Lemma 1 suffices to establish large deviation estimates of the ChernoffHoeffding kind for Z := )-~i Zi. Let X 1,..., X= be random variables that take values in [0, 1] and let X := ~x~,~Xi. Following [13], we call the Xi's 1correlated if for all non-empty I C_-{1,..., n} Note that if the random variables X 1,..., Xn and Y1,..., Ym are both 1-correlated and if the Xi's are independent of the Yj's, then the whole set of random variables X 1,..., Xn, Y1, 9 9 Ym is 1-correlated as well.

L e m m a 2 ([13]). net X be the sum of 1-correlated random variables X l,..., Xn with values in [0, 1]. Ther~ for any c O,

–  –  –

We will also use Azuma's inequality. The following formulation appears in [9].

Let X 1,..., X, t be independent random variables, with Xk taking Lemraa3.

values in a set Ak for each k. Suppose that the function f : H Ak --+ lit satisfies If(z) - f(Y)t c whenever the vectors z and y differ only in a single coordinate.

Let Y be the random variable f ( X 1,..., X, ~ ). Then for any t O,

–  –  –

We use the following terminology for weighted digraphs. For an edge e = (u, v), we call u the source and v the target or endpoint of e. The weight of an edge is denoted by c(e). We will interpret an entry in the adjacency list of a vertex u either as the endpoint v of an edge with source u or as the edge (u, v) itself, as is convenient.

3 The Algorithm of Moffat and Takaoka

We will now review the algorithm of Moffat and Takaoka in [11] and their analysis. We are given a complete digraph on n vertices with non-negative edge weights. The algorithm first sorts all adjacency lists in order of increasing weight (total time O(n 2 log n)) and then solves n single source shortest path problems, one for each vertex of G. The single source shortest path problem, say, with source s E V, is solved in two phases. Both phases are variants of Dijkstra's algorithm [2] and only differ in the way the priority queue is handled.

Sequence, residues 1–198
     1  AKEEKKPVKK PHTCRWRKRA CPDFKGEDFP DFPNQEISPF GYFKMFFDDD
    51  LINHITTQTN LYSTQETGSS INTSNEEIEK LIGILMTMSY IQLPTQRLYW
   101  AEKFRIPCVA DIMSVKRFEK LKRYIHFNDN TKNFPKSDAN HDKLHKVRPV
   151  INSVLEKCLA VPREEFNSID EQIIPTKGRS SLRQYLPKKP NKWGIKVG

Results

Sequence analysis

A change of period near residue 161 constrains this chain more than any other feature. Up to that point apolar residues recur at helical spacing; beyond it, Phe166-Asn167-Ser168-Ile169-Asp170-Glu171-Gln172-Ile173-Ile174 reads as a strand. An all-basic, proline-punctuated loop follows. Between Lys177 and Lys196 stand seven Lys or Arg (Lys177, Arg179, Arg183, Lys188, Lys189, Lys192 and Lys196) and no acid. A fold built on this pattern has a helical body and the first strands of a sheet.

Dijkstra's algorithm labels the vertices in order of increasing distance from the source. We use S to denote the set of labeled vertices and U = V - S to denote the set of unlabeled vertices. Initially, only the source vertex is labeled, i.e., S = {s}. For each labeled vertex v, its exact distance d(v) from the source is known. For the source node s, we have d(s) = 0. For each labeled vertex v, one of its outgoing edges is called its current edge and is denoted ce(v). We maintain the invariaut that all edges preceding the current edge ce(v) in v's (sorted) adjacency list have their endpoint already labeled. Both phases use a priority queue. A priority queue stores a set of pairs (~, k) where k is a real number and is called the key of the pair. We assume that priority queues are implemented as Fibonacci heaps [5]. Fibonacci heaps support the insertion of a new pair (z, k) in constant time and the deletion of a pair with minimum key (delete rain operation) in amortized time O(logp) where p is the number of pairs in the priority queue. They also support an operation decrease key in constant amortized time. A decrease key operation takes a pointer to a node in a Fibonacci heap containing, say, the pair (x, k), and allows the replacement of k by a smaller key k'.

]89 Phase L In Phase I, the additional invariant is maintained that the targets of all current edges are unlabeled. For each vertex u E U, we also maintain a list L(u) of all vertices v E S whose current edge ends in u. The priority queue contains all vertices in U. The key of a vertex u G U is min~6L(u) d(v) + c(v, u). In each iteration of Phase I, the vertex u E U with minimal key value d(u) is selected and is deleted from the priority queue by a delete rain operation. The vertex u is added to S and for each vertex v E (u} U L(u), the current edge ce(v) is advanced to the first edge in v's (sorted) adjacency list whose target is in V - S.

For any v 6 {u} U L(u), let ce(v) = (v,w) be the new current edge of v and denote w's current key by d~o. We add v to L(w), and if d(v) + c(v, w) d~,, we decrease d~0 appropriately. This implies a decrease key operation on the priority queue. By our assumption on the implementation of the priority queue, the cost of an iteration of Phase I is O(log n) plus the number of edges scanned. Phase I ends when IU] becomes n/log n.

Remark: Moffat and Takaoka use a binary heap instead of a Fibonacci heap to realize the priority queue; Fibonacci heaps did not exist at that time. Since a decrease key operation in a binary heap takes logarithmic time, they use a slightly different strategy for Phase I. They keep the vertices in S in the priority queue. The key of vertex v E S is d(v)§ c(ce(v)). In each iteration, the vertex of minimum key, say, vertex v E S, is selected from the heap. Let w be the target of the current edge of v. The current edge ce(z) is advanced for all z E {w} U L(w).